In our experiments, we find that the predicted classification weights are not stable since the uncertainties among negative samples and positive samples are much more diverse than that of regression. Consequently, we average the classification weights of positive samples and negative samples separately in each batch, which can be viewed as a smooth version of weight prediction for classification loss.

## 4 Experiments

Method | Backbone | AP | |||||
---|---|---|---|---|---|---|---|

Two-stage detectors |
|||||||

Faster R-CNN | ResNet-50 | 36.7 | 58.8 | 39.6 | 21.6 | 39.8 | 44.9 |

Faster R-CNN | ResNeXt-101 | 40.3 | 62.7 | 44.0 | 24.4 | 43.7 | 49.8 |

Mask R-CNN | ResNet-50 | 37.5 | 59.4 | 40.7 | 22.1 | 40.6 | 46.2 |

Mask R-CNN | ResNeXt-101 | 41.4 | 63.4 | 45.2 | 24.5 | 44.9 | 51.8 |

Faster R-CNN w/ SWN | ResNet-50 | 58.7 | 42.1 | 22.0 | 41.3 | 48.2 | |

Faster R-CNN w/ SWN | ResNeXt-101 | 61.9 | 45.3 | 24.1 | 44.7 | 52.0 | |

Mask R-CNN w/ SWN | ResNet-50 | 58.9 | 42.7 | 21.9 | 42.1 | 49.2 | |

Mask R-CNN w/ SWN | ResNeXt-101 | 64.1 | 46.6 | 24.8 | 46.0 | 53.5 | |

Single-stage detectors |
|||||||

RetinaNet | ResNet-50 | 35.9 | 56.0 | 38.3 | 19.8 | 38.9 | 45.0 |

RetinaNet | ResNeXt-101 | 39.0 | 59.7 | 41.9 | 22.3 | 42.5 | 48.9 |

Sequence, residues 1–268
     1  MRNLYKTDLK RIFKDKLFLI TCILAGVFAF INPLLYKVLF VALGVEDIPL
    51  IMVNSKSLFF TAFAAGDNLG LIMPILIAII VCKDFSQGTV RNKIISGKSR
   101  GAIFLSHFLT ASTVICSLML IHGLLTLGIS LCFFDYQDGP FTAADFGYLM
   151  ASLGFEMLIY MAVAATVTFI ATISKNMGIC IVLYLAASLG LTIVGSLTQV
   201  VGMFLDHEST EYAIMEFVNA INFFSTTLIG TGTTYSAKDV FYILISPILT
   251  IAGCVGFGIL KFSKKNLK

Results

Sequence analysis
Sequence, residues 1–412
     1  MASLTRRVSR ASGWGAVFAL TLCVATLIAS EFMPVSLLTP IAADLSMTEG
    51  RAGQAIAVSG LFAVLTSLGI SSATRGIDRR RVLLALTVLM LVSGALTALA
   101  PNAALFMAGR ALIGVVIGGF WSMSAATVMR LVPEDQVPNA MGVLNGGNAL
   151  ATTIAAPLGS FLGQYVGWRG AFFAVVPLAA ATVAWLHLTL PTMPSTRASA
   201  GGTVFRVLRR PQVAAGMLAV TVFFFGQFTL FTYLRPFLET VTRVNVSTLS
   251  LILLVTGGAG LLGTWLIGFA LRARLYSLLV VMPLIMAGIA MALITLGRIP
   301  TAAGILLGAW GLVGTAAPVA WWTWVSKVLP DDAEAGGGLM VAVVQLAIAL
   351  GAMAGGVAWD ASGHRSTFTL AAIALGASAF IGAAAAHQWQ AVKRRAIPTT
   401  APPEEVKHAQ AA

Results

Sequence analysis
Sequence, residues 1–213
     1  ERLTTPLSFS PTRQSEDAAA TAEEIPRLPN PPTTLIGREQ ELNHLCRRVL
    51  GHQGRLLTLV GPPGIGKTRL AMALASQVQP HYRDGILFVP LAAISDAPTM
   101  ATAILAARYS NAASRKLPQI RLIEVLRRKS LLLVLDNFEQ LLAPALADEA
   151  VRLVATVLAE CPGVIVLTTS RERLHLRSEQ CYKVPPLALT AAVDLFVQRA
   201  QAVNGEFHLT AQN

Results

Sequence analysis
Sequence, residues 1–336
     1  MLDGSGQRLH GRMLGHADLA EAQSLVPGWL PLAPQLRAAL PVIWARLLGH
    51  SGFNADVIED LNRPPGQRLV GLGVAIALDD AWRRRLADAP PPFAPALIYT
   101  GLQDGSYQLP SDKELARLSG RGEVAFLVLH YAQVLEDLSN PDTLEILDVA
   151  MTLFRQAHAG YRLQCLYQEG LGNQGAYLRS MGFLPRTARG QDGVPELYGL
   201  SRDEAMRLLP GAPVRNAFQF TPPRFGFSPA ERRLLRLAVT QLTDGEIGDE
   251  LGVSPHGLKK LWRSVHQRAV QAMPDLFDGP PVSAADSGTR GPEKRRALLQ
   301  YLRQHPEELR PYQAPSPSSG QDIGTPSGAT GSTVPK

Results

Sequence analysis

RetinaNet w/ SWN | ResNet-50 | 55.8 | 39.8 | 20.6 | 40.1 | 46.2 | |

RetinaNet w/ SWN | ResNeXt-101 | 60.1 | 43.8 | 23.2 | 44.0 | 51.1 |

*test-dev*.

We conducted thorough experiments on the challenging MS COCO [29] and Pascal VOC [11] datasets and evaluated our method with both one-stage and two-stage detectors.

### 4.1 Datasets and Evaluation Metrics

MS COCO [29] contains 80 common object categories in everyday scenes. Following the common practice, we used the train2017 split for training. It has 115k images and 860k annotated objects. We tested our approach as well as other compared methods on COCO test-dev subset. Since the labels of test-dev are not publicly available, we submitted all results to the evaluation server for evaluation. Yet all ablation experiments are evaluated on the val2017 subset which contains 5k images. Pascal VOC [11] covers 20 common categories in everyday life. We merged the VOC07 trainval and VOC12 trainval split for training and evaluated on VOC07 test split. Our evaluation metric is the standard COCO-style mean Average Precision (mAP) under different IoU thresholds, ranging from 0.5 to 0.95 with an interval of 0.05. It reflects detection performance under various criteria and favors high precisely localized detection results.

### 4.2 Implementation Details

We implemented our methods based on the publicly available mmdetection toolbox[5]

. In our experiments, all models were trained end-to-end with 4 Tesla P40 GPUs (each GPU holds 4 images) for 12 epochs, which is commonly referred as 1x training schedule. The base detection networks excluding the SWN is trained with stochastic gradient descent (SGD). The initial learning rate was set to 0.02 and decreased by 0.1 after epoch 8 and 11. For the sample weighting network, we adopted Adam